10.1002/mus.26906 ">


The effects of concentric and eccentric training in murine models of dysferlin-associated muscular dystrophy

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Publication Date



Health Sciences

Publication Title

Muscle and Nerve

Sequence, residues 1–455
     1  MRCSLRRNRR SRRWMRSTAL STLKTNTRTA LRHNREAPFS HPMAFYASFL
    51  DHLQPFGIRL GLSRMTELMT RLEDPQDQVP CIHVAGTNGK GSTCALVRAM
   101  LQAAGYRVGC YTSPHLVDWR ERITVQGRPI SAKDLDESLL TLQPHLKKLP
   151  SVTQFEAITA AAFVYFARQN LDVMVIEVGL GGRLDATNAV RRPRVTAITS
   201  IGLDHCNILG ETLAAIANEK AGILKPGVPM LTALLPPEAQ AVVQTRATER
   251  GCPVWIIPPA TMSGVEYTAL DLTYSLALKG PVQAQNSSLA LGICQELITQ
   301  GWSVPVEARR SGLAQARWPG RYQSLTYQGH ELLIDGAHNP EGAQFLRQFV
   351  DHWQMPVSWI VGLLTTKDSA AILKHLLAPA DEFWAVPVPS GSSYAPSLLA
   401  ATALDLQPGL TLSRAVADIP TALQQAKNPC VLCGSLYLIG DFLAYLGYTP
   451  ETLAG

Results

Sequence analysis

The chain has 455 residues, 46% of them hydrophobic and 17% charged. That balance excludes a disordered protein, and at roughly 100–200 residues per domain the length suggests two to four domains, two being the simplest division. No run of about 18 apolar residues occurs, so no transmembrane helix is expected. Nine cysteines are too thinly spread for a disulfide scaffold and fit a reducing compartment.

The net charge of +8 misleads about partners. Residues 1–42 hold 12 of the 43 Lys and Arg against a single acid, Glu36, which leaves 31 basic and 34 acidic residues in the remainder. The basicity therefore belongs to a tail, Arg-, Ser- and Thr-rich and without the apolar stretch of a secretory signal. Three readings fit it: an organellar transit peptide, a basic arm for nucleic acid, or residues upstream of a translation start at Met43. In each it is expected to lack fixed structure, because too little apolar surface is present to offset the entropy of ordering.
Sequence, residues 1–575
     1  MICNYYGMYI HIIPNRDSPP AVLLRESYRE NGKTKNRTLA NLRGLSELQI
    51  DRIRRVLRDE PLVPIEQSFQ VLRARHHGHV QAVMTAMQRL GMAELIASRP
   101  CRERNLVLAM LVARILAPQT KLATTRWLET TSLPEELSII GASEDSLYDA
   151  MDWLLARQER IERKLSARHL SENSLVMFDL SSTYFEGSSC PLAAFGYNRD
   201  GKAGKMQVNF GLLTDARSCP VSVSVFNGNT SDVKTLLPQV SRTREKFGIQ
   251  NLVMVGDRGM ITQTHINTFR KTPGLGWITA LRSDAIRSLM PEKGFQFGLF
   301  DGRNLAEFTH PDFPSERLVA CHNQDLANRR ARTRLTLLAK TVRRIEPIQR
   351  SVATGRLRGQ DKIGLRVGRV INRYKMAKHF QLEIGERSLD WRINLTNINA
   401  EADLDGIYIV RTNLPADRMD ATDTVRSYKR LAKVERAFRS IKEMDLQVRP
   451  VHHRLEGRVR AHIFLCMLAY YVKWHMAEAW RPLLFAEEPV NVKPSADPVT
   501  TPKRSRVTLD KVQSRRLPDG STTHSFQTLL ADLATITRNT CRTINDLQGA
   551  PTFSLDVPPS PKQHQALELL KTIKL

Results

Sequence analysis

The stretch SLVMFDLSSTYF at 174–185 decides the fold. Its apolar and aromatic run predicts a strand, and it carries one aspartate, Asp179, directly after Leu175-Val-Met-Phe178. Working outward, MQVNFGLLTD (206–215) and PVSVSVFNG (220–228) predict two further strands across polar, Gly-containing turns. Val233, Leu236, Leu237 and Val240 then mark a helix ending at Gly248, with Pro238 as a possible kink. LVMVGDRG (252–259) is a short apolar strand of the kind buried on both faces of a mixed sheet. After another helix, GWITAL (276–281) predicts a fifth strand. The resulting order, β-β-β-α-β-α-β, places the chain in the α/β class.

© 2020 Wiley Periodicals, Inc. Introduction: Dysferlin-deficient murine muscle sustains severe damage after repeated eccentric contractions. Methods: With a robotic dynamometer, we studied the response of dysferlin-sufficient and dysferlin-deficient mice to 12 weeks of concentrically or eccentrically biased contractions. We also studied whether concentric contractions before or after eccentric contractions reduced muscle damage in dysferlin-deficient mice. Results: After 12 weeks of concentric training, there was no net gain in contractile force in dysferlin-sufficient or dysferlin-deficient mice, whereas eccentric training produced a net gain in force in both mouse strains. However, eccentric training induced more muscle damage in dysferlin-deficient vs dysferlin-sufficient mice. Although concentric training produced minimal muscle damage in dysferlin-deficient mice, it still led to a prominent increase in centrally nucleated fibers. Previous exposure to concentric contractions conferred slight protection on dysferlin-deficient muscle against damage from subsequent injurious eccentric contractions. Discussion: Concentric contractions may help dysferlin-deficient muscle derive the benefits of exercise without inducing damage.

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